Intern Lucy from Tufts University asks:

What do you feel like is the hardest part of running this organization? How do you prevent from getting burnt out?

The hardest part for Ben is fundraising. Healthcare-NOW depends primarily on individual small donors, which can fluctuate dramatically from year to year. Healthcare-NOW’s donations also follow the political cycles; when single payer champions run for national office, they stop giving to us and start giving to them. It’s tough and stressful, and if you want Ben to sleep better at night, please chip in a little bit to support this important work!

A lot of non-profits work their employees to death, and think that they’ll do it happily for “the cause.” Ben and Gillian organize volunteers to help build power, and avoid working themselves to the bone as much as they can.

What is something Healthcare-NOW has achieved that you feel proud of?

Ben is proud of how far the movement has come since he began at Healthcare-NOW 10 years ago: more activists, more local grassroots groups, record numbers of legislative co-sponsors. He’s also proud that Healthcare-NOW has taken on the role of elevating the people most affected by the healthcare system, rather than the policy wonks who led the movement in the past, who may not have been directly impacted by the healthcare system.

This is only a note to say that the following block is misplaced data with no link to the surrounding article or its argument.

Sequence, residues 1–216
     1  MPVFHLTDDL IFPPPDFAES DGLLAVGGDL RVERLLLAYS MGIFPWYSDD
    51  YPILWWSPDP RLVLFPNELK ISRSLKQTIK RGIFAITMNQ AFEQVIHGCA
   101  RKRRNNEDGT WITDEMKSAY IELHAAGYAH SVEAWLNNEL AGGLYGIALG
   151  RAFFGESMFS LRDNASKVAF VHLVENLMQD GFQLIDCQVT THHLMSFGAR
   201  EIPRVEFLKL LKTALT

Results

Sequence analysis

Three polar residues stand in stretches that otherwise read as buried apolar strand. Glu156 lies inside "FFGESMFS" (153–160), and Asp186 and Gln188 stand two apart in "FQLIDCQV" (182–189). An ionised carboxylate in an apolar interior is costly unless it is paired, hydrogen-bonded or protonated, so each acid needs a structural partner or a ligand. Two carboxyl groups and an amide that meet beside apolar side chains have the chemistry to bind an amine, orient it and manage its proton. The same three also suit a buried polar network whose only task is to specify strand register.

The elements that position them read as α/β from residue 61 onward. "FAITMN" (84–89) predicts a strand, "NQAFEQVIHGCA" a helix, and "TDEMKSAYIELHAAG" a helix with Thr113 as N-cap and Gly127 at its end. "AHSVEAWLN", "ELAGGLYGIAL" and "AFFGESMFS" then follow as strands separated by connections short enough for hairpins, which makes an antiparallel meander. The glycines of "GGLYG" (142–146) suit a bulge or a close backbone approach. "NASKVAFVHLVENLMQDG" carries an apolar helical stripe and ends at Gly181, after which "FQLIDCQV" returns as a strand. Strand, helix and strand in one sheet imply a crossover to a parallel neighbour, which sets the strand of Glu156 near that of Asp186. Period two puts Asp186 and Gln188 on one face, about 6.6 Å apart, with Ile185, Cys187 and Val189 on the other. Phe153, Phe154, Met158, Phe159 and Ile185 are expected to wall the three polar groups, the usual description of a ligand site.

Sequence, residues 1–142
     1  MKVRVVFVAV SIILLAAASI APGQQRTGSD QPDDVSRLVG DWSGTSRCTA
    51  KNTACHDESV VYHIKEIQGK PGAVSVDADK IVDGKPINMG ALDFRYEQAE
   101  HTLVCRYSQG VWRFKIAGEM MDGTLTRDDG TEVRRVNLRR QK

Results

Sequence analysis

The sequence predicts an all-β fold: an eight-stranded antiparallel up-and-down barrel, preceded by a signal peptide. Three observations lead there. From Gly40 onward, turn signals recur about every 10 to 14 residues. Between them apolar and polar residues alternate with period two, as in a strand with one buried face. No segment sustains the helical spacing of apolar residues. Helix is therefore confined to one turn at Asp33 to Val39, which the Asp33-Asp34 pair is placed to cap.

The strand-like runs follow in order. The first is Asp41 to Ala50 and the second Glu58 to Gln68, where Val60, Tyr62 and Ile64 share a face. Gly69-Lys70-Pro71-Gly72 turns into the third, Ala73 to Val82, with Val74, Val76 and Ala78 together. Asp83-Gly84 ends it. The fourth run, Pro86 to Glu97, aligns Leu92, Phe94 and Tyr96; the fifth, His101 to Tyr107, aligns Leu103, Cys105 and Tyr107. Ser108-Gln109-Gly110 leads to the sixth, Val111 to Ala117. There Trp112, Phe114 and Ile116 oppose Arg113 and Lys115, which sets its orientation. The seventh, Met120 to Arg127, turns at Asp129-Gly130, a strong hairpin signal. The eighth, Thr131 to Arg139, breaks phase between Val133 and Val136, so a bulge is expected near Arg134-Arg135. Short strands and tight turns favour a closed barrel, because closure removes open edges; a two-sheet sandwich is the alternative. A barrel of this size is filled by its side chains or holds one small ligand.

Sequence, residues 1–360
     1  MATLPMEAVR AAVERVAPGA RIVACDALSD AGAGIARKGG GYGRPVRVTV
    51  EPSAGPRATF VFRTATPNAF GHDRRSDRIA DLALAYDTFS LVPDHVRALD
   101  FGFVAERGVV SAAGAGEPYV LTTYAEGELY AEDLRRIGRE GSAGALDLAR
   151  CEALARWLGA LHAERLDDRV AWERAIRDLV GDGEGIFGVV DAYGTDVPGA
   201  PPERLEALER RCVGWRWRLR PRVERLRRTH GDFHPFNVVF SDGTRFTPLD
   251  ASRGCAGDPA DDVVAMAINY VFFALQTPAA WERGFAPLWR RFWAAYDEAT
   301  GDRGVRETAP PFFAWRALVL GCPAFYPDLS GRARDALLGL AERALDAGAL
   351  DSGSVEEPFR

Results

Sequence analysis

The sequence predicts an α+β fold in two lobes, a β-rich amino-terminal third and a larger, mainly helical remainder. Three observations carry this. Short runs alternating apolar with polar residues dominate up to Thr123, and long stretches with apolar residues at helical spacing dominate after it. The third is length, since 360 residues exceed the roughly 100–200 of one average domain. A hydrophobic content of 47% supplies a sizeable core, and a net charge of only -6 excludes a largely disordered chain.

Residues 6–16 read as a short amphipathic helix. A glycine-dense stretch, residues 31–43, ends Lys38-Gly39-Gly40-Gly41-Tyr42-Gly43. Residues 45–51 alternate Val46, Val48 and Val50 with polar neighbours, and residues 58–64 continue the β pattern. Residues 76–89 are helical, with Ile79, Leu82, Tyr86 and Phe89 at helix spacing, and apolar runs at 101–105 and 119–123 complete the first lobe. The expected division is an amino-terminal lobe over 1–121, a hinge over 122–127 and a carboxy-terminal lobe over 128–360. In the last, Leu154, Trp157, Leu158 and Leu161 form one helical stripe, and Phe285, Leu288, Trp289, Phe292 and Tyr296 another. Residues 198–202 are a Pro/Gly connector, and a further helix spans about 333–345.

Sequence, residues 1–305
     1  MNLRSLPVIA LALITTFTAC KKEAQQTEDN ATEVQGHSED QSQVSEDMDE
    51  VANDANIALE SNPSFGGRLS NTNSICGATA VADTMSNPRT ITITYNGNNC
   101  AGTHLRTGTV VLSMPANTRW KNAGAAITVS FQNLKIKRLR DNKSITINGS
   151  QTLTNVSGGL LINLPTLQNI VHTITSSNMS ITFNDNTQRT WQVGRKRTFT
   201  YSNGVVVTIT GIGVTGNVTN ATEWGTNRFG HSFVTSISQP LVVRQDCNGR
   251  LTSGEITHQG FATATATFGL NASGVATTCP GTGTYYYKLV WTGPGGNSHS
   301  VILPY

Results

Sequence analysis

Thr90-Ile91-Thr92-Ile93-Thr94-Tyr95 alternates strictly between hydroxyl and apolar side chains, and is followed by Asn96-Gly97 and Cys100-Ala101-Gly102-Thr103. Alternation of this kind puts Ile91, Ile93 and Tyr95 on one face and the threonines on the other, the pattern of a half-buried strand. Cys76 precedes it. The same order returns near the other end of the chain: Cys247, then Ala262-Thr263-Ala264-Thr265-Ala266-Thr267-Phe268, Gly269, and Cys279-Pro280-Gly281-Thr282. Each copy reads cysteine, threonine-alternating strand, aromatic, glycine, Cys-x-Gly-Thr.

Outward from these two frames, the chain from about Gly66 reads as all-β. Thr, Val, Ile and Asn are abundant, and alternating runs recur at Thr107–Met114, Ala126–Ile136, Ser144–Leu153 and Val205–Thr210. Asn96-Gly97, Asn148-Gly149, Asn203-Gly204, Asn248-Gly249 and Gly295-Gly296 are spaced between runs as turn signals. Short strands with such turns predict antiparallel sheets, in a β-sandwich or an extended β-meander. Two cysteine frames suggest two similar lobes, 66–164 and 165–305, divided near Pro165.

What are some common misconceptions about the work you do?

Ben and Gillian are the only employees of Healthcare-NOW, so they basically do everything from bookkeeping to building grassroots power. Gillian’s mom doesn’t know what she does, she just doesn’t want Gillian to get arrested.

What are some smaller action items people can take to support the movement (i.e. what are some of the most accessible aspects of supporting this movement for people who feel as though they may not have the time or energy to devote a lot of themselves to it?

We don’t usually ask people for a big commitment at the start; as a first step, go to the website and sign up for the email list to get in the loop, and tell your healthcare story to help build the movement. Talk to your people! And it’s quick and easy to donate to Healthcare-NOW if you’re able.